With the launch of EE TV, James Pearce says the operator has proven it is one step ahead of its rivals in the innovation stakes
Rival operators better peel their eyes: the launch of EE TV has once again highlighted EE’s dominant position as the leading firm in the mobile telecoms industry.
Already the UK’s biggest network with more than 25 million mobile customers and 31 million across all services as of Q2, EE has expanded services into television by offering more than 70 channels and on-demand and catch-up services, shaking up the telecoms market in the process.
Quad-play – the bundling of mobile, broadband, TV and wireless services – isn’t a new concept, with Virgin Media already offering a quadruple play bundle, which launched in May. Virgin also makes a lot of noise about cross-selling between customer bases. Within its Q2 results, it revealed quad-play penetration has increased to 16.7 per cent from 16.1 per cent a year ago. The potential is there.
EE’s decision to release a TV offering gives it a framework to enter a quad -play market which analysts Ovum expects to grow.
Global figures from Ovum predict quad-play bundles to be the fastest-growing bundle type, rising from nine million subscriptions in 2013 to almost 46 million by 2019, a 31 per cent compound annual growth rate. The analysts claim Western Europe will see particularly strong growth, as incumbents leverage their mobile assets in response to increasing triple-play penetration.
Those figures show why the TV market is so enticing for EE and its rivals, and also why fixed line players like BT have been working on bringing a consumer mobile strategy to market.
That competition does provide a major stumbling block for the operator. BT already offers an established TV package that includes BT Sport, putting it in direct competition with BSkyB. Virgin and TalkTalk also offer a range of services that include TV, broadband and landlines.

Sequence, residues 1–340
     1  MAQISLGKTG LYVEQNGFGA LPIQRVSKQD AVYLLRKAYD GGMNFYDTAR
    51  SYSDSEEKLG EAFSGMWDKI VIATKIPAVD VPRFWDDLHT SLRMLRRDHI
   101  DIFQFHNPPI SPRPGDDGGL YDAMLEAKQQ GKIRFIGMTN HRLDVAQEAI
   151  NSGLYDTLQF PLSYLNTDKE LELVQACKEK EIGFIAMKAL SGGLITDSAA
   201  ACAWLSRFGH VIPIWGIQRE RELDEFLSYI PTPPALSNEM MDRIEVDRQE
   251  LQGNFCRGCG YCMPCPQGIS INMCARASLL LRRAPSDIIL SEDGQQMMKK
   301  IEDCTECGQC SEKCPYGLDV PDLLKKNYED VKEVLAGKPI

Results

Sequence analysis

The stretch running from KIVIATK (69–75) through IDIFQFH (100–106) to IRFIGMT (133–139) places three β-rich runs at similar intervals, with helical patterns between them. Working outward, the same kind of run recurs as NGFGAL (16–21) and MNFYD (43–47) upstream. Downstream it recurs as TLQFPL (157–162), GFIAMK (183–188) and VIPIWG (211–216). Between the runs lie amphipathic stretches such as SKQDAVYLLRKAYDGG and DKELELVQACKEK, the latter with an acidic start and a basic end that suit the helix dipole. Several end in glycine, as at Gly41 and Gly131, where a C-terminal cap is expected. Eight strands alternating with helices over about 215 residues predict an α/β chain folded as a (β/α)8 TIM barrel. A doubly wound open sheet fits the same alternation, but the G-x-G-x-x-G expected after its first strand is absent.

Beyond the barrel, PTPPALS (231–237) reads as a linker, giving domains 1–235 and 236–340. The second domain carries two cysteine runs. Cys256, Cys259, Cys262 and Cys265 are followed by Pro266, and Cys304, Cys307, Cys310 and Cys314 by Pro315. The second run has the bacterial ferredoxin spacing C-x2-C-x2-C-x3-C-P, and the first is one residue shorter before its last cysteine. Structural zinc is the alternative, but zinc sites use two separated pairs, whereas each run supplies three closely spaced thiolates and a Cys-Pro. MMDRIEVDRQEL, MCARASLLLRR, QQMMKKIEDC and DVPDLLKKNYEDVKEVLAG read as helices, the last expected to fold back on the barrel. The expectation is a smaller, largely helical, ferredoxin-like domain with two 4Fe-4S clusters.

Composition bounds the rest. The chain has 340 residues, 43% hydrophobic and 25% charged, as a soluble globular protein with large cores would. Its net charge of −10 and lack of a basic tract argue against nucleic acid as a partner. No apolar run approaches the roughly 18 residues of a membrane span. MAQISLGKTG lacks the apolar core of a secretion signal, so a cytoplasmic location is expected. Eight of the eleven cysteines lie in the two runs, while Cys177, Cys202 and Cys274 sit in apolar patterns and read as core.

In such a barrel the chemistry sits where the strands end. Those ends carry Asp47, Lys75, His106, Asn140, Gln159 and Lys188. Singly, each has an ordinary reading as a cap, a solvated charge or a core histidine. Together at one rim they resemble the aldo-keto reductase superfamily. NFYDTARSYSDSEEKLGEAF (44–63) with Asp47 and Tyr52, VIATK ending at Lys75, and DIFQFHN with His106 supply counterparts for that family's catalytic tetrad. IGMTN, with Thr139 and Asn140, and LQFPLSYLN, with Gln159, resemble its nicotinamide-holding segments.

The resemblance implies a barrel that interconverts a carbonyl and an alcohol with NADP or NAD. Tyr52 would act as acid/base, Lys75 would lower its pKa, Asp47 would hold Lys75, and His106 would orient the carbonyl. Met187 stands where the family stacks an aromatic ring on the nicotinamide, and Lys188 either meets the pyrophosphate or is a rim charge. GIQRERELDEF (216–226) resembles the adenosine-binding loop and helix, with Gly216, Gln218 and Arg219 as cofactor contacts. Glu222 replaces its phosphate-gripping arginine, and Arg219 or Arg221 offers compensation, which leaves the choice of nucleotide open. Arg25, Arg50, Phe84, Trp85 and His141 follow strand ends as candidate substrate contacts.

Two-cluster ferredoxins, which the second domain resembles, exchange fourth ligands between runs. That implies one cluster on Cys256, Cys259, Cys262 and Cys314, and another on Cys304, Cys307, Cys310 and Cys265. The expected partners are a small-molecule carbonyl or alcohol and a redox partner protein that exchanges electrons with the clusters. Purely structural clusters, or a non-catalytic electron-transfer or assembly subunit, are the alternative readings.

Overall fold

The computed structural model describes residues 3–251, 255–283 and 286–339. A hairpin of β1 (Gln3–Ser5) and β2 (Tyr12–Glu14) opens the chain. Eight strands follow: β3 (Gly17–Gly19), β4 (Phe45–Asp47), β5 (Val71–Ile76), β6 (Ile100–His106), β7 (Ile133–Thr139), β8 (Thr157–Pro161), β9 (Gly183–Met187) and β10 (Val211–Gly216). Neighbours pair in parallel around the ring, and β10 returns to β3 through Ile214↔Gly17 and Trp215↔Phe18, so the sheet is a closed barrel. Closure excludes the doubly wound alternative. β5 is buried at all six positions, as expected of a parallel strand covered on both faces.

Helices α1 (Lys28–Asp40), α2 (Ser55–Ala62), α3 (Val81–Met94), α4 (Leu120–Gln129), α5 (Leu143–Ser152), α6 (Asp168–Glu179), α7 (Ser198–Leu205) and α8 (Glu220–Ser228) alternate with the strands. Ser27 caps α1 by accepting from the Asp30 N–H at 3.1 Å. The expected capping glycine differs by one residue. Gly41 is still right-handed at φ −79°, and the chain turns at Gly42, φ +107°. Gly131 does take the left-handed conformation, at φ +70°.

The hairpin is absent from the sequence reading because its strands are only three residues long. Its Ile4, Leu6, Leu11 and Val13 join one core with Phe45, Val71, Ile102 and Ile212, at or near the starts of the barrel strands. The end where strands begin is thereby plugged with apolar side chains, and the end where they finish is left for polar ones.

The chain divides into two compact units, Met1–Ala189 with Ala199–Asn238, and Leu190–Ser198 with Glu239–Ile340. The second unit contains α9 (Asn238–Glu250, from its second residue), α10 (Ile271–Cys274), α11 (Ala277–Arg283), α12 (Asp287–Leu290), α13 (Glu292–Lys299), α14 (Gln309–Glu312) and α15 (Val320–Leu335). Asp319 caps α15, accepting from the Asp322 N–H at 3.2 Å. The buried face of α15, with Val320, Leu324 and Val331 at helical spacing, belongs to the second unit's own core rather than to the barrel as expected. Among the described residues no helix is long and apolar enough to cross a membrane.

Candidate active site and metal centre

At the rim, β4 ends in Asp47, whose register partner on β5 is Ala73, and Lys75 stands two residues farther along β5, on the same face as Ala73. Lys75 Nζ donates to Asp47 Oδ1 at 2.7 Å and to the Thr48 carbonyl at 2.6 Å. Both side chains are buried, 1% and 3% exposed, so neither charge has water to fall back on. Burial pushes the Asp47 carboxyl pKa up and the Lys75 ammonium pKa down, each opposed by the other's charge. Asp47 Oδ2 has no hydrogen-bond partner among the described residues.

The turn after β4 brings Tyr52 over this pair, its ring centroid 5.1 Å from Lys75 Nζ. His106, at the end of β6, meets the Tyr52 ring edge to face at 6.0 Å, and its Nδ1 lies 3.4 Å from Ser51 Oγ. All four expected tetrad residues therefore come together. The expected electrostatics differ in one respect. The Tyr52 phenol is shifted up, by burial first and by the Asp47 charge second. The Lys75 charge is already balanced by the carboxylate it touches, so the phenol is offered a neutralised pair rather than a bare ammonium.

But EE’s key competitors in the mobile market offer a lot less in terms of TV content. Vodafone has inclusive access to Netflix, Sky Sports Mobile or Spotify free for the first six months as part of it’s Vodafone Red 4G tariffs – but these are add-ons rather than a separate product or service
EE is offering a set-top box in a television market that is already highly saturated, with Freeview on most TVs already providing 70 channels. Smart TVs also give people access to online content, including catch-up TV and online-based apps like YouTube.
These are all features of EE TV that are already widely available, raising a question as to why consumers would choose EE’s offering over rival TV services.
The addition of technology that allows you to use your mobile phone as a remote control is neat, but not world-changing.
However, EE offering the service free to broadband customers is key, as it makes its broadband package more enticing. Broadband is an area that EE has managed to really turn around in the last year. In Q2 2014, the firm had 775,000 broadband customers, an increase of 71,000 from Q2 2013, after three years of falling subscriber numbers.
In a Q&A with Mobile News, EE chief marketing officer Pippa Dunn said the operator had set its sights on the 40 per cent of homes which use Freeview services and sees EE TV as a way of increasing its Home Broadband footprint. Dunn pointed to the Freeview user interface as a weakness, and said EE’s offering is simpler.
The ability to share content across multiple devices also makes sense, as EE can push the idea of an integrated service to mobile and broadband customers. This, along with the idea of having one bill for all of these services, help make the proposition more appealing.
EE has once again changed the mobile game. After becoming the first operator to launch 4G in the UK in October 2012 – 10 months ahead of O2 and Vodafone – and the first to offer sharer tariffs across multiple devices, it has again shown it is driving innovation and creativity by offering something brand new to the mobile market.
EE chief executive Olaf Swantee said the firm has provided a “huge wake-up call” to its rivals and it’s difficult not to agree. With EE TV, the operator has really changed the channel.